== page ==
Ground-breaking deal signed Kwantlen First Nation excited about future of Forests and Range agreement



By Kristyl Clark
Times Reporter

Jun 04 2006

Kwantlen First Nation Chief Marilyn Gabriel invited Minister of Forests and Range Rich Coleman, along with several chiefs, elders and dignitaries, to bear witness to her signing of a ground-breaking document Wednesday.

The document outlines that the First Nation will receive $433,000 and access to 25,000 cubic metres of timber under the first Forests and Range Opportunities Agreement.

“I’m so thankful for all of the people who have made this happen today,” said Gabriel.

“This is a very exciting day for our people, a day that I want to be remembered forever. We want everyone to know the Kwantlen Nation is here and are willing to work with anyone.”

Gabriel said, with the agreement, they’ll be able to expand the Kwantlen First Nation’s participation in the forest sector, creating jobs and training opportunities for the First Nations.

The new Forests and Range Opportunities Agreement is based on the same principles as previous forests and range agreements, and formally acknowledges the new relationship between the B.C. government and First Nations.

“This is another step forward in government’s new relationship with First Nations,” said Coleman. “By working together, we’ve created a new agreement that entrenches the spirit of recognition and respect, and strives to make First Nations full partners in B.C.’s forest sector. I’m honoured to be signing the first agreement in Langley.”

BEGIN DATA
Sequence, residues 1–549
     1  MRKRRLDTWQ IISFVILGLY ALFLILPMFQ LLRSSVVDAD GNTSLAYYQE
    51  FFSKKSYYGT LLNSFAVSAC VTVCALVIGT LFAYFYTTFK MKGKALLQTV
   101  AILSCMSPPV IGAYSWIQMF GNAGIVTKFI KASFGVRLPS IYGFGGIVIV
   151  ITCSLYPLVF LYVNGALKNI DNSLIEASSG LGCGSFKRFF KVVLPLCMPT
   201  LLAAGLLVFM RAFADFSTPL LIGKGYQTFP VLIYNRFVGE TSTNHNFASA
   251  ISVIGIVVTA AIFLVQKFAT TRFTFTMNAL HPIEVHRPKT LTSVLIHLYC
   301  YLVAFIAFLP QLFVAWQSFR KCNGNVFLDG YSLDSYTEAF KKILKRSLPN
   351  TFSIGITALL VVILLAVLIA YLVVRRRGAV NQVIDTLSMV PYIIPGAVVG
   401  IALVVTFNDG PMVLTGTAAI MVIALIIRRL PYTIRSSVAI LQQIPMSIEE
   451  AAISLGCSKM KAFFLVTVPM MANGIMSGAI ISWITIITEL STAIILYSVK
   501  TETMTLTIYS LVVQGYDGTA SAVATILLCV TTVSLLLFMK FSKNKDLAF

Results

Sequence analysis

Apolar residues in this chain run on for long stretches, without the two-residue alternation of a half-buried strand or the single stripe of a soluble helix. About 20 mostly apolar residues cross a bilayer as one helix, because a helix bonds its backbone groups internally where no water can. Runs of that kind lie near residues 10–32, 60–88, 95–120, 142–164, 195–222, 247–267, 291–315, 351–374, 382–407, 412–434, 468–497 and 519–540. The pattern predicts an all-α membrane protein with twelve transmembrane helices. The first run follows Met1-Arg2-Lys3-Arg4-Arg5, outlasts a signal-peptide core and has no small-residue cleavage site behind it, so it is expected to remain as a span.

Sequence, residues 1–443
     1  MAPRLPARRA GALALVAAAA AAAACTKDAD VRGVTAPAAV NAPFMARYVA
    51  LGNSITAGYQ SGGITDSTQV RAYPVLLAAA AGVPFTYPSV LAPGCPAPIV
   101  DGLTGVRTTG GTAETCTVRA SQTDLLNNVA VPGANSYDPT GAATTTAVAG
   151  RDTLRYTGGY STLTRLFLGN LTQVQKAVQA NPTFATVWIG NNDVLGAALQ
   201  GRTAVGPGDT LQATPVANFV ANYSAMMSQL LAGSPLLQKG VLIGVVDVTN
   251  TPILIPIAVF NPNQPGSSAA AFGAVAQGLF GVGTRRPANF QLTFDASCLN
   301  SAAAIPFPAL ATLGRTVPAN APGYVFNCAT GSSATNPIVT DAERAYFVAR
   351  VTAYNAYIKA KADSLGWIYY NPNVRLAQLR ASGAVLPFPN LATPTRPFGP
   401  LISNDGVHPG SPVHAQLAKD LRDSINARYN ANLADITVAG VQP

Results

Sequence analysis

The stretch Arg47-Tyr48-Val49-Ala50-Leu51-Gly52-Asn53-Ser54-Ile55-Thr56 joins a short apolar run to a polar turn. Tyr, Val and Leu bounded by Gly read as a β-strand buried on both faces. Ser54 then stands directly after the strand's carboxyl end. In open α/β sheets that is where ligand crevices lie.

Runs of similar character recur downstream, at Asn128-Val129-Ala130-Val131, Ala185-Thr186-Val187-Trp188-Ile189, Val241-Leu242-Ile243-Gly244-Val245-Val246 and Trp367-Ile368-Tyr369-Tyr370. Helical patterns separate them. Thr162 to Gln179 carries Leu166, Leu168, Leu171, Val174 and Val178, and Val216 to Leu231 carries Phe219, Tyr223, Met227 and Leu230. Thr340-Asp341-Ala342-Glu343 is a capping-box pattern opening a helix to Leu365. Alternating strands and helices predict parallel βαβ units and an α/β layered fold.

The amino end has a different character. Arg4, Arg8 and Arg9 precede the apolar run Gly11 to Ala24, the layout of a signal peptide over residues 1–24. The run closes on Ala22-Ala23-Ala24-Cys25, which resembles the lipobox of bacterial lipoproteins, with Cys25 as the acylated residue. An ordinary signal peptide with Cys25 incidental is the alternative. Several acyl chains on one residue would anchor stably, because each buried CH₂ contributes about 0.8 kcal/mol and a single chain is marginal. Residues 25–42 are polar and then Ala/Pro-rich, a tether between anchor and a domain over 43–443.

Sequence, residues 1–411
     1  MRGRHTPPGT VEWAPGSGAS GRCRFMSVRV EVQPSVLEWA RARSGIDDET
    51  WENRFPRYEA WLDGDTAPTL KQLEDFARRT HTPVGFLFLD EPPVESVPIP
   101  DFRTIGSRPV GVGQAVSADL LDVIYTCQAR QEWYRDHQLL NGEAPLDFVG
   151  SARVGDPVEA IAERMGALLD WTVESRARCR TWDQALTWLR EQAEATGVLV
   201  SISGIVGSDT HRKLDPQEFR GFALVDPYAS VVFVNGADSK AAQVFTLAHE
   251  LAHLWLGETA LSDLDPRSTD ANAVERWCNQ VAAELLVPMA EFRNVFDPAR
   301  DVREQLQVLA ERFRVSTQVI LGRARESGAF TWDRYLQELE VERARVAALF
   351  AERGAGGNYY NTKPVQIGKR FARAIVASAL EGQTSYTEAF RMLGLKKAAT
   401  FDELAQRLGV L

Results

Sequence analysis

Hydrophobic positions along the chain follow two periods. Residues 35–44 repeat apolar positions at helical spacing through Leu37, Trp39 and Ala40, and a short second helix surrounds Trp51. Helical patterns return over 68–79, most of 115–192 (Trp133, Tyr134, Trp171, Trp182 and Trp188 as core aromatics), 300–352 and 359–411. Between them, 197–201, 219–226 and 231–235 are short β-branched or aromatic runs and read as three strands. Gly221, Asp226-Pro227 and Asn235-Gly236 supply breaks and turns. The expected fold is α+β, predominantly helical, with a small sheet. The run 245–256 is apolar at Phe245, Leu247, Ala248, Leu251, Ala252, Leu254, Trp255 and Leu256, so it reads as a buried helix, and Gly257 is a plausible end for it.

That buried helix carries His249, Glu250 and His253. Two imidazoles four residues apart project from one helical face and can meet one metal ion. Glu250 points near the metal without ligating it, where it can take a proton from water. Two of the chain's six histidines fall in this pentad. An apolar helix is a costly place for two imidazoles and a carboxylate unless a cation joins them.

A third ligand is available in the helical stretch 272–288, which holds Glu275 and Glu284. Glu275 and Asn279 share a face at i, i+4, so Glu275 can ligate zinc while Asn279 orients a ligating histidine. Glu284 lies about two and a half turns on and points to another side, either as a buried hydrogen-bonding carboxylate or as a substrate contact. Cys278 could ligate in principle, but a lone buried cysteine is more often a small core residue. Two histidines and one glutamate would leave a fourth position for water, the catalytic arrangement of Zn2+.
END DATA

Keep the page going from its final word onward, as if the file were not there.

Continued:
Timber access under the five-year Kwantlen agreement will be shared between a woodlot licence and a non-replacable forest licence located in Maple Ridge, within the Fraser Timber Supply Area.

To date, the ministry of forests and range has signed agreements with 106 First Nations, providing access to 17 million cubic metres of timber and sharing more than $120.5 million in revenue.

Sto:lo Grand Chief Clarence Pennier travelled from Scowlitz to witness the signing ceremony. He expressed to Coleman and Gabriel that he was thrilled with the new agreement.

“It feels great to witness a template for other nations to follow.” said Pennier.

“I will remember this day forever because we know we have a great future ahead of us.”

The ceremony started with Paddle Song, which represents the journey that everyone takes in their lifetime.

“The journey that everyone in this room is on has led them here today,” said host Christopher Thomas, who is also a member of the First Nations from Mission.

Thomas pointed out the kerchief worn on his head and blanket wrapped around his chest, and explained their significance to the ceremony.

“The kerchief means that the First Nations will keep a good mind in their work out in the forest and the blanket covering my chest represents that we will hold it very close to our heart,” said Thomas.

At the end of the ceremony, everyone was treated to a traditional Aboriginal feast prepared by Kwantlen First Nation on their McMillan Island reserve.

The Kwantlen First Nation has 189 members on seven reserves in the Fraser Valley.